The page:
Parental guidance takes a lot of its principles and techniques from therapy, in that it assumes that a major engine for behavioral change is better self-understanding.
However, it is different because it is clearly and consistently focused on the relationship with the child, whereas in therapy by definition the focus is on the person himself. Parental counseling also has a lot to do with giving information—about child development, about handling specific difficulties and situations, about interpersonal dynamics—which has little or no place in therapy. It sometimes becomes apparent during the process of parental counseling that one or both parents could use individual help with issues that are affecting their functioning as parents. Then they have to make their own decision as to whether to go for therapy.
I do not and neither, I’m happy to say, does accepted wisdom in education and child psychology nowadays. In this context it’s crucial to differentiate between criticism and description. If you’re thinking about getting parental guidance, apparently something about your child’s behavior or your relationship with them is worrying you.
In order to work on that we need to see very clearly what it going on; you wouldn’t expect to fix something without knowing what’s not working right, would you? This description, don’t forget, is going to show us the strengths and successes of the relationship as well as the glitches, so we’ll know what resources we can draw from. Since most parents care so much about doing a good job for their kids, it’s easy to develop guilt feelings about whatever isn’t going right. That’s too bad, because guilt is not a constructive emotion. It’s a spoiler, diverting energy from creative thinking about change to self-recrimination. The counselor and the counseling process are not looking for guilty parties; we’re looking for resources within the family and for points of entry for change.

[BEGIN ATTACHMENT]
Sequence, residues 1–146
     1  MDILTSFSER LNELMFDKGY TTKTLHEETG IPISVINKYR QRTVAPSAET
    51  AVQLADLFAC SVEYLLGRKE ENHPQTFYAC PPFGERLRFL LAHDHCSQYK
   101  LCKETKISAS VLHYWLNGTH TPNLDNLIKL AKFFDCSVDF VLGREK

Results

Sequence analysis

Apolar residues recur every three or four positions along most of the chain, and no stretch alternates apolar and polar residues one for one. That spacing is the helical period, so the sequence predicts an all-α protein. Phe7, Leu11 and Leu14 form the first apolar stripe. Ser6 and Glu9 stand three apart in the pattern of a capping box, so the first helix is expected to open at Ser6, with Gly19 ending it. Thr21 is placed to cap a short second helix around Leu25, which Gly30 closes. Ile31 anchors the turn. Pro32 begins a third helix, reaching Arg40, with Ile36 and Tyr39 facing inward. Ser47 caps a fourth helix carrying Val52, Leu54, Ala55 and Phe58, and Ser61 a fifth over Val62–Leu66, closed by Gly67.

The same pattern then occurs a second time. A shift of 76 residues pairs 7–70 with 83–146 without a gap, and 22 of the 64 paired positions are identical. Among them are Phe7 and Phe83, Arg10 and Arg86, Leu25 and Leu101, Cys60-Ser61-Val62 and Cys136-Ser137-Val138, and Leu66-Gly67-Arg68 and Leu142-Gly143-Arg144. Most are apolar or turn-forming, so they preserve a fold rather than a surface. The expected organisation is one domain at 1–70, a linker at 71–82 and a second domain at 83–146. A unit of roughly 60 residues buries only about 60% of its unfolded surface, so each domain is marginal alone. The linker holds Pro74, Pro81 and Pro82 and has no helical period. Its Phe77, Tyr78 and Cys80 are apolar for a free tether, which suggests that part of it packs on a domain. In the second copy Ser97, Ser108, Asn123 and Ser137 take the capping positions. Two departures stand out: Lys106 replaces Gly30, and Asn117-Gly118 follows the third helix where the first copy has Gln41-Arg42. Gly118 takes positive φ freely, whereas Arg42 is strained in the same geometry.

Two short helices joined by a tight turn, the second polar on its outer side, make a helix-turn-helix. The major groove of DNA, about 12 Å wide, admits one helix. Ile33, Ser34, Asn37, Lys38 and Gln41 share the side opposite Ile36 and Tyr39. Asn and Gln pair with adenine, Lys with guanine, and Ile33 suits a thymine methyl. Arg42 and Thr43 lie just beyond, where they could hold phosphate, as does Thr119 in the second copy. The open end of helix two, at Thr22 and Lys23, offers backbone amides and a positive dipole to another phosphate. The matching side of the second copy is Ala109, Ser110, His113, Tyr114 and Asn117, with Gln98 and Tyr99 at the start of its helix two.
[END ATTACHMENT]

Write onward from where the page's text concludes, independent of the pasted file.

When parents understand the emotional consequences of such difficulties for the child—primarily low self esteem, a build-up of frustration and aggression, exaggerated need for control, or a tendency to avoid and withdraw—they can learn parental behaviors that support the child, minimize frustration, and mediate between the child and his/her environment. This adds up to a very significant contribution to the child’s coping, and to avoiding emotional problems.
Of course it’s optimal for both parents to come for counseling together. The parental coalition is the most important resource for helping a child. Each parent has a lot to contribute to their child’s well-being. Every kid needs to feel their parents’ investment in them. But I am practical. I believe that when it’s impossible to engage one of the parents, you work with what you’ve got. I’d rather do a less-than-ideal job than no job at all, where a child in need is concerned.
You must know, though, that legally a child cannot be treated if one parent objects; it’s essential to have both parents’ agreement, if not participation.
It’s very important for the counselor to have the teacher’s (or day-care provider’s) opinion. You undoubtedly realize that a parent has a hard time viewing their child realistically...
You may very well. And if you feel confident that you’re moving in the right direction at an acceptable pace, don’t come...
First of all, I want to make it very clear that delving into the past does not always mean “finding the guilty party.” This attitude...
In the long run, yes. In the short run, not necessarily. Again it’s a very individual issue. Some people get a lot of support from the therapeutic...